The ESA is talking about its Lunar Pathfinder mission to the moon. That mission will carry an advanced satellite navigation receiver and will perform the first satnav positioning fix in lunar orbit. The ESA says the experimental payload is a preliminary step in its plan to expand reliable satnav coverage and communication links to explorers around and on the moon during the decade.
Currently, the Lunar Pathfinder mission is expected to launch by the end of 2023, heading into lunar orbit. The mission is a public-private comsat that will offer commercial data relay services to lunar missions while stretching the operational limits of current satnav signals. The European Galileo constellation is a group of navigation satellites intended to deliver positioning, navigation, and timing services to the Earth.
Most navigational antennas on satellites in the constellation aim towards the Earth, blocking use from further away in space. However, ESA officials say that navigation signal patterns also radiate sideways like light from a flashlight. Past testing showed that the antenna “side lobes” could be employed for positioning if adequate receivers were used.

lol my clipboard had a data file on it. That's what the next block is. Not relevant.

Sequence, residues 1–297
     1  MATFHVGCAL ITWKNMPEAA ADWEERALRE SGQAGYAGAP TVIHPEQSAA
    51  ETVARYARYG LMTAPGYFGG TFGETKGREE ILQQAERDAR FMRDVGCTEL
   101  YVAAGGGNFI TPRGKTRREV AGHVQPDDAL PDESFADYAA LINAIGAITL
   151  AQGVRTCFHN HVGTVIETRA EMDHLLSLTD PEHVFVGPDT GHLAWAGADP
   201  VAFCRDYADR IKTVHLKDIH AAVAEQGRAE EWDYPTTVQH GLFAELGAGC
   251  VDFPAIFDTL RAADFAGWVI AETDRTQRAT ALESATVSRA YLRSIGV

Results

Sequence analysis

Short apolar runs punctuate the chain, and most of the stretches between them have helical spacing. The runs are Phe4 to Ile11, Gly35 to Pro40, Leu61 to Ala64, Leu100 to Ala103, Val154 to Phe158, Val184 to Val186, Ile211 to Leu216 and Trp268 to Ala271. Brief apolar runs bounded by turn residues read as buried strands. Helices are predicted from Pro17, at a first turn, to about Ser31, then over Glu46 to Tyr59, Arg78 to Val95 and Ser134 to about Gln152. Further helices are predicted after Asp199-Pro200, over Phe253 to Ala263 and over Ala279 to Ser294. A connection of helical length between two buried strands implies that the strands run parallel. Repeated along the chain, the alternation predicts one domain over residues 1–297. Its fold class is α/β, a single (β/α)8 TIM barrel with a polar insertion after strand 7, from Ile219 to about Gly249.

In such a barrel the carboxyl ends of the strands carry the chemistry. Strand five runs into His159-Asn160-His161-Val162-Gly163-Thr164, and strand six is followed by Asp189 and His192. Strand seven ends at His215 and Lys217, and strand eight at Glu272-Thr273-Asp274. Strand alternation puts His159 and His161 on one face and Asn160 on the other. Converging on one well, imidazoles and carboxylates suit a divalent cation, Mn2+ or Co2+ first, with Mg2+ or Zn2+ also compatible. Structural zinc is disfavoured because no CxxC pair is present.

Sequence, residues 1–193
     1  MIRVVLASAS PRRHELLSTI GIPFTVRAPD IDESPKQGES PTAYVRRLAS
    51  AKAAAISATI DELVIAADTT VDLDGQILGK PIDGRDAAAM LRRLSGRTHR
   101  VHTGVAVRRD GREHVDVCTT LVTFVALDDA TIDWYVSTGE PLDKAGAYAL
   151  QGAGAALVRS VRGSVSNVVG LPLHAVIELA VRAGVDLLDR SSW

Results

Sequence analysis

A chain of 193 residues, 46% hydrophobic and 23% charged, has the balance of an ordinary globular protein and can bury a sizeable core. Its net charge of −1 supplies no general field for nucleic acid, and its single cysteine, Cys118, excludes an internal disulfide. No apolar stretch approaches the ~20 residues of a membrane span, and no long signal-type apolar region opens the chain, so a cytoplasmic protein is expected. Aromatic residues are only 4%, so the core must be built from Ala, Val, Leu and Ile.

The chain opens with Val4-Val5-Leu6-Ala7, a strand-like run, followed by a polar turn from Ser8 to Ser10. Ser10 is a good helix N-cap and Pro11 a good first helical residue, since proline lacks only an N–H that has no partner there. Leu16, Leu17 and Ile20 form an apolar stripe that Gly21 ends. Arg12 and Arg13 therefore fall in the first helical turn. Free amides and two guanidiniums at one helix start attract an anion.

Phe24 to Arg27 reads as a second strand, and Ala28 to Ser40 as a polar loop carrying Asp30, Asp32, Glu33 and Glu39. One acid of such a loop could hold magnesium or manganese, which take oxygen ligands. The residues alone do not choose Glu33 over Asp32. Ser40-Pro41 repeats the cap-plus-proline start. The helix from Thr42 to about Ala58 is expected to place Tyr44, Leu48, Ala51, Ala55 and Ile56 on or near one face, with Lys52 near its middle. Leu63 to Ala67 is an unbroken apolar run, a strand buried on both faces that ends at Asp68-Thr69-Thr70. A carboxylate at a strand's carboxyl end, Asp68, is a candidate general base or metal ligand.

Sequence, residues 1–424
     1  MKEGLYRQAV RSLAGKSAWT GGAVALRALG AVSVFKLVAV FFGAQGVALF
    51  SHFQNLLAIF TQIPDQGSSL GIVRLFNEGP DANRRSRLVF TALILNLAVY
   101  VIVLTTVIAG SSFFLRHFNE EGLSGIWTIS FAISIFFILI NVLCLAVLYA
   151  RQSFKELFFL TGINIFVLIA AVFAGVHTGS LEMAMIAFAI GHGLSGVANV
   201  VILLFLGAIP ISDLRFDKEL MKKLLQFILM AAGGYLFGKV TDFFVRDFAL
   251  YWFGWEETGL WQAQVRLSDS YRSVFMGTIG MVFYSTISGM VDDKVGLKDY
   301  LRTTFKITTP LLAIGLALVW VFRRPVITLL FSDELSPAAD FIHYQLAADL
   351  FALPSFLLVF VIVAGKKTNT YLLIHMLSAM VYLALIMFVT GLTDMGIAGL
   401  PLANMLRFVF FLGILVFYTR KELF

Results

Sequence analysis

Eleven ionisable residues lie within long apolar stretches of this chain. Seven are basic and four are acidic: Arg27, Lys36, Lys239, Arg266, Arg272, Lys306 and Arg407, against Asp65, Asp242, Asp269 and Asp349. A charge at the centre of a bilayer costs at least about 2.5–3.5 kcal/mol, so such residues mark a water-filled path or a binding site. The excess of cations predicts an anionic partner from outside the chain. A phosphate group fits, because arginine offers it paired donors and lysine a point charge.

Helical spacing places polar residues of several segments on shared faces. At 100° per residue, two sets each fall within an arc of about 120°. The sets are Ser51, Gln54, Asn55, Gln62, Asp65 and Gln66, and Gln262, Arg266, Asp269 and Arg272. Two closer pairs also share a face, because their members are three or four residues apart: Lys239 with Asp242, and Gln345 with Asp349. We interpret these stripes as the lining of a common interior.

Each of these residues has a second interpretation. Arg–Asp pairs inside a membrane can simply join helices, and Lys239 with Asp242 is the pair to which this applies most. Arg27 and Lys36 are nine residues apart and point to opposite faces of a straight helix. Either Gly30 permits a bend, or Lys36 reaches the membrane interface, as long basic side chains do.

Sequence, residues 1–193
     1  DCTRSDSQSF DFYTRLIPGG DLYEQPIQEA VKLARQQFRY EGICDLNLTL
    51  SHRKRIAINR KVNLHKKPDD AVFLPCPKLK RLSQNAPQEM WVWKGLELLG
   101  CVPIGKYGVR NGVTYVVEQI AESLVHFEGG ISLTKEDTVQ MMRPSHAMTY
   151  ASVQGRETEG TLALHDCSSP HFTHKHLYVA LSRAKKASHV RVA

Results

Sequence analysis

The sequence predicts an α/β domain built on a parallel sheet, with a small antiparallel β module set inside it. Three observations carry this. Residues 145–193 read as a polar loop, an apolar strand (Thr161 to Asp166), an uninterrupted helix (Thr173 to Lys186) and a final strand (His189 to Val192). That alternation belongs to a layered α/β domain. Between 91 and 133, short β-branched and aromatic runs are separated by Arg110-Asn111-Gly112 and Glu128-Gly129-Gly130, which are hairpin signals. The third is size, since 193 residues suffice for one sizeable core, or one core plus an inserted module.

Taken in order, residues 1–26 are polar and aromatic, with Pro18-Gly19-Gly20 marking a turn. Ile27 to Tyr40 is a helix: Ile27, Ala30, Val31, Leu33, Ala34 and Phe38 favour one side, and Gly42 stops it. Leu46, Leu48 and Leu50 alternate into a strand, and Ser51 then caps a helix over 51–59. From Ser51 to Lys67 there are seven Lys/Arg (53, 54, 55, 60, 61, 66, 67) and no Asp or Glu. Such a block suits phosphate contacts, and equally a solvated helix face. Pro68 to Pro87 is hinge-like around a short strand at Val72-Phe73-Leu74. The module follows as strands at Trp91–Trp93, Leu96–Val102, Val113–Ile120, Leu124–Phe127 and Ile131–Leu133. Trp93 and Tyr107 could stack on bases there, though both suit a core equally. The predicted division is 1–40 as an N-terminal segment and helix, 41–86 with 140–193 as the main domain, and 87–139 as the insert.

In the past, the ESA proved that higher-orbit positioning of navigation satellites was possible, and a growing number of satellites in geostationary orbit currently feature satnav receivers. Geostationary orbit is 35,786 kilometers above the Earth’s surface, but the moon is ten times further away than that. The NASA Magnetospheric Multiscale Mission acquired GPS signals to perform a fix and determine its orbit from 187,166 kilometers away, about halfway to the moon.
That successful mission leads the ESA to believe the Lunar Pathfinder will be successful as its GPS equipment has significantly improved sensitivity. Its receiver will employ both Galileo and GPS signals with a high-gain satnav antenna. The expectation is that the receiver will achieve a positioning accuracy of around 100 meters, far more accurate than traditional ground tracking.